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Loo Tai Cho Building

549-555 Fisgard Street, Victoria, British Columbia, Canada

Formally Recognized: 1995/01/19

Loo Tai Cho Building; City of Victoria, 2008
Front elevation, 2008
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Construction Date(s)


Listed on the Canadian Register: 2009/12/22

Statement of Significance

Description of Historic Place

The Loo Tai Cho Building is a three-storey, brick-clad commercial and residential building located on the south side of Fisgard Street in the heart of Victoria's Chinatown. The building also extends south and marks the northern entry to Fan Tan Alley. The corner of the building is bevelled at the entrance to the Alley, and has a distinctive Juliet balcony at the second floor. One of the more imposing buildings on Fisgard Street, it is embellished with sheet metal ornamentation.

Heritage Value

The Loo Tai Cho Building is valued as part of a grouping of early buildings that contribute to the historic character and urban pattern of Victoria's Chinatown, the oldest and most intact Chinatown in Canada. In the 1850s, exacerbated by political and social turmoil in China, thousands of Chinese migrated from a small region in the southern province of Guangdong to frontier gold rush sites in California, setting up a permanent base in San Francisco. In 1858, the Fraser Gold Rush spurred the growth of Victoria as a significant port town, and prompted the movement of many Chinese into the province. Victoria was the primary point of entry for Chinese into Canada until the early twentieth century.

The building is also representative of the dominant role Chinese merchants played in Victoria's Chinatown. Chinese merchants, already established in San Francisco, moved to Victoria and purchased lots as early as 1858, opening stores backed by funding from San Francisco headquarters. The Loo Tai Cho building was a product of the second wave of merchants who immigrated to Victoria's Chinatown in the 1890s to 1910s. Loo Gee Wing purchased the east side of Lot 444 from William J. Macdonald and the west side of 443 from Henry Heisterman in 1890. Loo Tai Cho purchased the land from Loo Gee Wing in 1893 and this building was erected the same year for stores and tenements. Cho retained it until 1907, when it was sold to a non-Chinese family.

Victoria’s Chinatown is expressive of a duality in architecture and cultural landscape. On each block, street façades link together, forming a wall that shields interior spaces and narrow alleyways between and through buildings are linked to central courtyards which were the hidden location of tenements, opium dens, theatres and gambling houses. This configuration allowed the Chinese community to adhere to follow traditional religion, kinship and economic practices while projecting the image of assimilation to Western society. The Loo Tai Cho building is consistent with such a duality. The front, more public, façade displays traditional Western influences including sheet metal capitals, cornices and ornamentation, and a corner entry with an arched doorway and a rounded balcony. However, the second storey windows were converted from arched to square to build a ‘cheater’ floor to house additional tenants. The side façade displays a non-Western character. Fan Tan Alley, housing gambling and opium dens in the early 1900s, and was shielded from the non-Chinese community by a series of heavy wooden doors.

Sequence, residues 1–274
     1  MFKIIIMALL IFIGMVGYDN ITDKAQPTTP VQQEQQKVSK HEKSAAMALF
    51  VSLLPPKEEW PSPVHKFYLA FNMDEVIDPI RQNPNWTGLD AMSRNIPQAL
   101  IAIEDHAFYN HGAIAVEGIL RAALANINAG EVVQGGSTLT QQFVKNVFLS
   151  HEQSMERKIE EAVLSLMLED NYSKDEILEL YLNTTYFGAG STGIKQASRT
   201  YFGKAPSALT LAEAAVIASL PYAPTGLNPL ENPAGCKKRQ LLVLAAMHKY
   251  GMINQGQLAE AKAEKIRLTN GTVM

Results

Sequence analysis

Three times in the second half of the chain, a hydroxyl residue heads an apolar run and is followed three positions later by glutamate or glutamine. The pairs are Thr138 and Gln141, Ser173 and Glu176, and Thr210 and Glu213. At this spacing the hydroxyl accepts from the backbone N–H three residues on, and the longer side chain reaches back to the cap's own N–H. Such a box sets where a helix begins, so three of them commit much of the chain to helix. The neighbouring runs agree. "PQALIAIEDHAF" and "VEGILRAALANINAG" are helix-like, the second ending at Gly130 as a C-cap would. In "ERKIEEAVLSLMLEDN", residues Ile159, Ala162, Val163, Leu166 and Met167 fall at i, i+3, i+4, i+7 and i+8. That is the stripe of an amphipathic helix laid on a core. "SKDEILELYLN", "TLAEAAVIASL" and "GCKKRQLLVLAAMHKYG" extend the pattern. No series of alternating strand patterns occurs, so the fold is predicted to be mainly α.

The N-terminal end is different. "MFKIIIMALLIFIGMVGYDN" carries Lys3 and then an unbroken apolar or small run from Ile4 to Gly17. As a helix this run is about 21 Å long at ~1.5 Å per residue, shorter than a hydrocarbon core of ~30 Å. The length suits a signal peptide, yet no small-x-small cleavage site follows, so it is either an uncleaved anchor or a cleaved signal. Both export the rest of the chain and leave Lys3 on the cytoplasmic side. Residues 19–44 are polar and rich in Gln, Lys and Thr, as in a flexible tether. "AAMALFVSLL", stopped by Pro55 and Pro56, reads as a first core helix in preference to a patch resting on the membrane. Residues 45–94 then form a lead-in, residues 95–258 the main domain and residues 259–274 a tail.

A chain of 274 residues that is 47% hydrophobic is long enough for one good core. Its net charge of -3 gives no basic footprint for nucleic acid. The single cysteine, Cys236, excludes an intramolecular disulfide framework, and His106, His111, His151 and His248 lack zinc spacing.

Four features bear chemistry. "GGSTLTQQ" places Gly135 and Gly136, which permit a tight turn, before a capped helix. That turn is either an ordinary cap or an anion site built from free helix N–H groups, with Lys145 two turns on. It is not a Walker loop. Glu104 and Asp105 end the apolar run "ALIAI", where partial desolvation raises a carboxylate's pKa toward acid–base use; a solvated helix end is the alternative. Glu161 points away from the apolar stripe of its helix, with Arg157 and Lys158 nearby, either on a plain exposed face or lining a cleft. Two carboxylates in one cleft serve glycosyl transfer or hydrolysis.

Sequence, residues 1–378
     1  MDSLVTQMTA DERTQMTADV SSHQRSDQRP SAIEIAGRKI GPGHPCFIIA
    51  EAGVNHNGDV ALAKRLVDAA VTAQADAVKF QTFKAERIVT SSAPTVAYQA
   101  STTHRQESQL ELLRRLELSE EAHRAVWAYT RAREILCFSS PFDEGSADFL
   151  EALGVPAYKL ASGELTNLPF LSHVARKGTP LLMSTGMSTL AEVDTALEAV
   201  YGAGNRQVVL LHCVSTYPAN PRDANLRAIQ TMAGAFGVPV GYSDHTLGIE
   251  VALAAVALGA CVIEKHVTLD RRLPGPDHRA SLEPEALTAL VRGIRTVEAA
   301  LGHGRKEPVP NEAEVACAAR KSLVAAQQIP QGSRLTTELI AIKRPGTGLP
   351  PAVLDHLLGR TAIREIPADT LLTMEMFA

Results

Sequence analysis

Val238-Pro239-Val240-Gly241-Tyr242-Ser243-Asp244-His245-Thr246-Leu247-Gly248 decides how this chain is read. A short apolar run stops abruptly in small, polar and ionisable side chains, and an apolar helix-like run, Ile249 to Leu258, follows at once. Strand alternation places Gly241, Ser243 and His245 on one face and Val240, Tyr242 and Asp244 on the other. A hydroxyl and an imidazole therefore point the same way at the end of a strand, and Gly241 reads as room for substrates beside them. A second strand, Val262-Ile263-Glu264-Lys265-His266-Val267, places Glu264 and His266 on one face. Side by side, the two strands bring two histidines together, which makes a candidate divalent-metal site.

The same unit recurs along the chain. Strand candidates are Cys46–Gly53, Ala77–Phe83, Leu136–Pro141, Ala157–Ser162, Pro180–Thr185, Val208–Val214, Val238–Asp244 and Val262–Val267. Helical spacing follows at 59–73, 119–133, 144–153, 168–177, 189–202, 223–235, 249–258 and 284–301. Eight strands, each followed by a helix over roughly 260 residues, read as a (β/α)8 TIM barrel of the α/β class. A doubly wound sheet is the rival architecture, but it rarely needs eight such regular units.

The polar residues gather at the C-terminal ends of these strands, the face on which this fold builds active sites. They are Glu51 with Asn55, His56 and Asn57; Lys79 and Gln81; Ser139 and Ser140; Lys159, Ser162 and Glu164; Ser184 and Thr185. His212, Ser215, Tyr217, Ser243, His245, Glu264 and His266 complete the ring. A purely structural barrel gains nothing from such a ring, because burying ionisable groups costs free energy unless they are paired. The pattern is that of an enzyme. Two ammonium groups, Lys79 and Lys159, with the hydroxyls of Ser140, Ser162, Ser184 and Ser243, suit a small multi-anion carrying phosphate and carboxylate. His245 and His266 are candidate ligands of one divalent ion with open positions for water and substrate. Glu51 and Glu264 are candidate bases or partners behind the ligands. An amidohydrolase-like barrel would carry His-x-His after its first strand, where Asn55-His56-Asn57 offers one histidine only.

The building is also a significant example of the work of architect William Ridgway-Wilson (1862-1957). A prominent Victoria architect, he was responsible for projects such as South Park School (1894) as well as a number of projects for Chinese clients.

Source: City of Victoria Planning Department

Character-Defining Elements

Key elements that define the heritage character of the Loo Tai Cho Building include its:
- location on the south side of Fisgard Street, at the northern entry point to Fan Tan Alley, part of a grouping of late-nineteenth and early-twentieth century historic masonry buildings in Victoria's Chinatown
- continuous commercial and residential use
- siting on the front and side property lines, with no setbacks
- commercial form, scale and massing, as expressed by its three-storey height, with 'cheater' mezzanine, bevelled corner, flat roof, and storefronts facing Fisgard Street
- masonry construction, including red-brick walls and parged pilasters
- Late Victorian design features such as: sheet metal ornamentation including cornices, capitals and cherub and floral motifs; shadow-banding on ground-floor pilasters; and corner entry with rounded archway with keystone and a round balcony
- Chinese features such as 'cheater' mezzanine, wrought-iron balconies, and three doors on the ground floor leading to tenements above
- windows, such as: two-over-two double-hung windows with square openings at 'cheater' mezzanine; second-storey two-over-two double-hung windows with horns, with three-paned segmental-arched transoms; and six-over-six double-hung wooden-sash windows on rear façade



British Columbia

Recognition Authority

Local Governments (BC)

Recognition Statute

Local Government Act, s.954

Recognition Type

Community Heritage Register

Recognition Date


Historical Information

Significant Date(s)


Theme - Category and Type

Developing Economies
Trade and Commerce

Function - Category and Type



Commerce / Commercial Services
Shop or Wholesale Establishment
Multiple Dwelling

Architect / Designer

William Ridgway-Wilson



Additional Information

Location of Supporting Documentation

City of Victoria Planning Department

Cross-Reference to Collection

Fed/Prov/Terr Identifier




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